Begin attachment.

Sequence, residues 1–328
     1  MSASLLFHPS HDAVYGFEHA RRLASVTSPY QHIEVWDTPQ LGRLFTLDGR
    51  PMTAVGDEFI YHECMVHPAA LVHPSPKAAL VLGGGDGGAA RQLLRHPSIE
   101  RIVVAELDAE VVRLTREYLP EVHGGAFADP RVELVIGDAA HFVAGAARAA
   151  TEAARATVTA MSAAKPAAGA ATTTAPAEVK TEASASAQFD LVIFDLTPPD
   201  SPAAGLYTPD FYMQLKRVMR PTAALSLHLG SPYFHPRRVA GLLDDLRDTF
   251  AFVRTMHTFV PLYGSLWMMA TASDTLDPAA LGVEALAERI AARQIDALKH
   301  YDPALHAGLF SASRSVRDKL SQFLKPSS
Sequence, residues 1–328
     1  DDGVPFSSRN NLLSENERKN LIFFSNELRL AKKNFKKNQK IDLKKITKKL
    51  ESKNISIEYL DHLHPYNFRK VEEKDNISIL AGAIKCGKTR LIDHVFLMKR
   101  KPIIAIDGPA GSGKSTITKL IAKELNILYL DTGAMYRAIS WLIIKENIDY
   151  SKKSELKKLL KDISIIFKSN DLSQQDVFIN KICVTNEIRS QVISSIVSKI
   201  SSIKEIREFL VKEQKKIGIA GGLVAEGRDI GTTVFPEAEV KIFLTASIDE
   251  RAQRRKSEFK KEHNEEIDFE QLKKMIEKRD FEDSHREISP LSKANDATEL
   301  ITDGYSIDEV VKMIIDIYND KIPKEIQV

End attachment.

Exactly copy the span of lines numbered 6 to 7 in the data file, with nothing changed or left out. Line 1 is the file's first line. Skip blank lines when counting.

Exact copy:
   201  SPAAGLYTPD FYMQLKRVMR PTAALSLHLG SPYFHPRRVA GLLDDLRDTF
   251  AFVRTMHTFV PLYGSLWMMA TASDTLDPAA LGVEALAERI AARQIDALKH